Erick San Juan | Columnist
Security is the most complicated issue associated with the construction of new architecture in the Asia Pacific region especially with the ASEAN countries as the center. Traditionally bilateral treaties are the main components of security in the region. During the Cold War, the system of regional security was based on the ‘umbrella’ principle. In those years, the US created an extensive network of quasi-alliance consisting of nation-states, not related through multilateral formats of security apparatus but committed to Washington. The US initially opposed a multilateral security system in the Asia Pacific region, recognizing it as a threat to the existing bilateral agreements.
Even after the end of the Cold War and the disappearance of bipolar confrontation, security architecture in the region has not changed. Moreover, Washington draws a line in modifying military-political alliances with key allies like Japan, South Korea, Australia, Philippines and Thailand, as well as strengthening the network of new partners such as India, Indonesia, Vietnam and Myanmar. The west operates without regard to the countries’ approaches to their national security and seek their greater susceptibility to models of regional integration as promoted by the Americans. At a time when countries in Asia Pacific are trying to reduce tensions in the region, Washington Ok’d Japan’s modernization of its military and national security. Observers believed that Japan will support the US in their military-political activities in the region. No doubt about it, because Japan after the second world war became a close ally of the USA and it became an integral partner of the Trilateral Commission which started as a global organization of Japan, US and Europe whose early mandate was to return the war loots where they belong.
With this commitment of the Japanese government, plus the saber-rattling with China, it has to change and modify its constitution. A radical departure from it’s being a non-nuclear state, a country who learned from its past mistakes and has refused to participate in wars anymore. With the impending threat from China, it is now devoted to the joint activities with the west.
Good for the Japanese? What about us and the other Asian neighbors? Any escalation of war in the region, whether we like it or not, we will be drag to go to war again. The big question mark is- “Are we secured? Will our big brother Americans help us?”
In the recent article of Victor Avecilla at the Manila Standard, August 12,2014, he asked this question- “In the event that a shooting war breaks out between the Philippines and Communist China, will the US and the UK be just as ready to assist Manila in the fighting?”
Avecilla cited the 1951 Mutual Defense Treaty between Manila and Washington DC and legally speaking, the US is duty bound to rescue us. (Yes we ratified it but the US Congress did not). He added that it is impossible for the Americans to intervene especially now that America is in financial crisis. (Plus the US owe China trillions of dollars). He also cited some pundits that the US will still help the Philippines because America cannot afford to allow the sea lanes in East and South East Asia converted into a Chinese lake.
Just like what my pro-American father warned me in the past that the Americans are good people per se but you can’t trust all the people running it’s government. Even Mr. Avecilla commented, “Sadly, the historical record provides Manila reason to doubt if America can be taken on its word.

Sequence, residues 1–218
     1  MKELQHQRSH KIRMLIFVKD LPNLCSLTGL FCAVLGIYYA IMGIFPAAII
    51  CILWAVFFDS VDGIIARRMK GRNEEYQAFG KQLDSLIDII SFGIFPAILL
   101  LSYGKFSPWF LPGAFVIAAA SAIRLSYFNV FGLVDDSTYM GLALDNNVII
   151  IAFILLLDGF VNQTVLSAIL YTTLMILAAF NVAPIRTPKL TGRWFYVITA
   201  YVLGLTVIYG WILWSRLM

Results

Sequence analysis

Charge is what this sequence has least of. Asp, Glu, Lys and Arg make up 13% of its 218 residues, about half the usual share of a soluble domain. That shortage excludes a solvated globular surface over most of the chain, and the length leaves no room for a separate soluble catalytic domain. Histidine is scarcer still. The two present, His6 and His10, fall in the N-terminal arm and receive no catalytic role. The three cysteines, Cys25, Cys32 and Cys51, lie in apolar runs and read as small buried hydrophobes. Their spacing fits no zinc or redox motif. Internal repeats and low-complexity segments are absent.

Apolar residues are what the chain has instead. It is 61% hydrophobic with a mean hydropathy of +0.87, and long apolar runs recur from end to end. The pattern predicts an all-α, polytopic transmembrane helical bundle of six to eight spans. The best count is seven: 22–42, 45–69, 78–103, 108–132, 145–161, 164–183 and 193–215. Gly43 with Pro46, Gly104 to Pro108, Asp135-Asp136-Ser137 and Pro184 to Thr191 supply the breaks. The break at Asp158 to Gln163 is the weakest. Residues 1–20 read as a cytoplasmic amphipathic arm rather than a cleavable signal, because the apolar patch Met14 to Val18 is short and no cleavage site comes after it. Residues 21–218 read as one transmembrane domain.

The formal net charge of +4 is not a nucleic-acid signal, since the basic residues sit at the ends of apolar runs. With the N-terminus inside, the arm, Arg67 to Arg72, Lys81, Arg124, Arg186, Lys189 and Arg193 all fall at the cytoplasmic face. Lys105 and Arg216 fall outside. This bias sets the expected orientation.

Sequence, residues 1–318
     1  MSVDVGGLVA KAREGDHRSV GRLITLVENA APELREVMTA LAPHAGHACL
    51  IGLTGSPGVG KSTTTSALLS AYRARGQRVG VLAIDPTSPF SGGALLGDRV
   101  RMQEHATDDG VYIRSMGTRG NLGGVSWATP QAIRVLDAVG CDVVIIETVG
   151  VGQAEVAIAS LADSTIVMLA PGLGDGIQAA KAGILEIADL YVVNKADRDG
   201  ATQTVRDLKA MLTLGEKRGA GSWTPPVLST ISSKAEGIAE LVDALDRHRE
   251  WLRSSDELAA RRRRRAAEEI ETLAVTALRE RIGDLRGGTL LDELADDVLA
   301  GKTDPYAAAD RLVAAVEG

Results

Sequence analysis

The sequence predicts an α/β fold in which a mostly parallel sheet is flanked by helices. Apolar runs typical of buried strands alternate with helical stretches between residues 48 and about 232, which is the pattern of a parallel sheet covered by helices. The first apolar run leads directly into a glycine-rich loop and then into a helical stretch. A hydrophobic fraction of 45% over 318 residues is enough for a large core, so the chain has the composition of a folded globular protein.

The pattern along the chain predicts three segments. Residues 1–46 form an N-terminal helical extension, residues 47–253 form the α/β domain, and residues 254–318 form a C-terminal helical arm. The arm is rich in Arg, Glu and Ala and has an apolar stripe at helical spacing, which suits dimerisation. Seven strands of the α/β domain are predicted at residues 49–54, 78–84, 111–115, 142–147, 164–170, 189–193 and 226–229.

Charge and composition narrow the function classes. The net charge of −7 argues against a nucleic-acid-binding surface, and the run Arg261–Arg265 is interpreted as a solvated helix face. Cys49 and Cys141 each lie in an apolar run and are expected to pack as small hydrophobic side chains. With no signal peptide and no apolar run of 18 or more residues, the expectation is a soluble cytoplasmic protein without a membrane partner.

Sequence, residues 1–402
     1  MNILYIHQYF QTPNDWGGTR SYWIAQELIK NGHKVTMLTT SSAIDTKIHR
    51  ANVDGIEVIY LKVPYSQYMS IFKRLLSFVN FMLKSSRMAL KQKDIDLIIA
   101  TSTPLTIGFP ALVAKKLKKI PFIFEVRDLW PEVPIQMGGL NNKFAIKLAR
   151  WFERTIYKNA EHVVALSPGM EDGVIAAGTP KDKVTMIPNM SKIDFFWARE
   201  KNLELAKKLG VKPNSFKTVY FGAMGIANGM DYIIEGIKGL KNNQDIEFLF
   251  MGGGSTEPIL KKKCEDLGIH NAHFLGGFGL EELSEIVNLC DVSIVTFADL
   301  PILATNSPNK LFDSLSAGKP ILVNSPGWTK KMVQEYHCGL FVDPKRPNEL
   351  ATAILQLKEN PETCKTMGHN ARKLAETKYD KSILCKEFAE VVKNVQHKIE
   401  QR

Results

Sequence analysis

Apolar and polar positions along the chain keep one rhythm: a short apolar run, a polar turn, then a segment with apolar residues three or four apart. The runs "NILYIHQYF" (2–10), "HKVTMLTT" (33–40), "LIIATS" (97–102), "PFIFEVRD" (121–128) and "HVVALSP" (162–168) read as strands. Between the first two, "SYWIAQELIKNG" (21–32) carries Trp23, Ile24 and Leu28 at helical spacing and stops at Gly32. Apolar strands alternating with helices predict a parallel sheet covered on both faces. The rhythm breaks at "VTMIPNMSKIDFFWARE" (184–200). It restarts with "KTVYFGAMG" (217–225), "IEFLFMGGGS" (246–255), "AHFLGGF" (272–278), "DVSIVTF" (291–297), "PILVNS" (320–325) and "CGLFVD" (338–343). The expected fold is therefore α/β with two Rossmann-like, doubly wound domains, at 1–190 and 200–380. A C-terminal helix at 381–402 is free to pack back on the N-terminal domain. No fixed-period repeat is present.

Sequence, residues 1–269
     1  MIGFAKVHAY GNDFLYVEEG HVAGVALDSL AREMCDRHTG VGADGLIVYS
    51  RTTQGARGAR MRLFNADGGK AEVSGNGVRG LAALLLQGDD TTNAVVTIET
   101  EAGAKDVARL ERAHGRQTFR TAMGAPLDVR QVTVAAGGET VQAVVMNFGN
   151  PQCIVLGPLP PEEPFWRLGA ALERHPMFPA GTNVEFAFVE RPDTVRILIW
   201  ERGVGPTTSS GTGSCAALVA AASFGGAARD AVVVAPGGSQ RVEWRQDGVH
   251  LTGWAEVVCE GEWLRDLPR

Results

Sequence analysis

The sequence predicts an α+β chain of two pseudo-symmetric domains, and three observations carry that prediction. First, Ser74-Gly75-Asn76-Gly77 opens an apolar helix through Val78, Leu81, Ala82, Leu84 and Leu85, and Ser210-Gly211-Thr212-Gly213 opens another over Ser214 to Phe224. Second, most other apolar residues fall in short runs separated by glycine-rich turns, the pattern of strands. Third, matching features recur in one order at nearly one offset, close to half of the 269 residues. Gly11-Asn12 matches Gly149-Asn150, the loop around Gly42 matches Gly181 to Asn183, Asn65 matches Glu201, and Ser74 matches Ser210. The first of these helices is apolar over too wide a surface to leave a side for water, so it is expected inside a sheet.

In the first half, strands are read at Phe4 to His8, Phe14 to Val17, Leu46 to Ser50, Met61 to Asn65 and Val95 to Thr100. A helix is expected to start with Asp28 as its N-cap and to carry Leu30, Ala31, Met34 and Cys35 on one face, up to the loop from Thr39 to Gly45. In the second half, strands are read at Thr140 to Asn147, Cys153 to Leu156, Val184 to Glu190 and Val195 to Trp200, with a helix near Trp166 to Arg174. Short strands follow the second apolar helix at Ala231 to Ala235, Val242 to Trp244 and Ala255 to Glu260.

To quote- “In December 1941, when the Japanese invaded the Philippine Islands after their sneak attack on Pearl Harbor, US President Franklin D. Roosevelt sent word to Manila that reinforcements were on their way to America’s citadel in the Far East. Those promised reinforcements never came.”
“The US had no colonies in Europe at that time, but it had one in the Pacific-the Philippine Islands. In 1942, President Roosevelt agreed with the UK that the war in Europe against Germany and Italy shall take priority over the war in the Pacific against Japan. Meanwhile, the Philippines had to bear the ordeal of brutal enemy occupation.”
“After the successful invasion of France by allied forces in June 1944, Roosevelt focused his attention to the Pacific. The original plan was that the US military forces will by-pass the Philippines and launch the allied offensive against Japan from Formosa (now Taiwan). Fortunately, General Douglas McArthur vehemently objected to that plan and prevailed on Roosevelt to liberate the Philippine Islands prior to an invasion of Japan.” That was the American version of history. The truth of the matter, when the US government found out that Japanese General Tomoyuki Yamashita was already in Manila to collect the war loots, Roosevelt immediately instructed MacArthur to return to Manila and locate Yamashita.
Avecilla narrated that in contrast to the way the US treated us, a former colony, it invested heavily in the economic recovery of its erstwhile enemies- Germany and Japan.
There were several inconsistencies in history which I unmasked in my book, ‘Raiders of the Lost Gold. Lastly, Avecilla stated that the historical record may be subject to various interpretations but there is one message it clearly conveys-‘that the Philippine government will be better off assuming that no military assistance will readily come from foreign countries in the event a shooting war does take place against China and that the Philippines should start beefing up its military arsenal immediately and explore unconventional diplomatic solutions to the serious breach of Philippine sovereignty in the West Philippine Sea.’
Need I say more?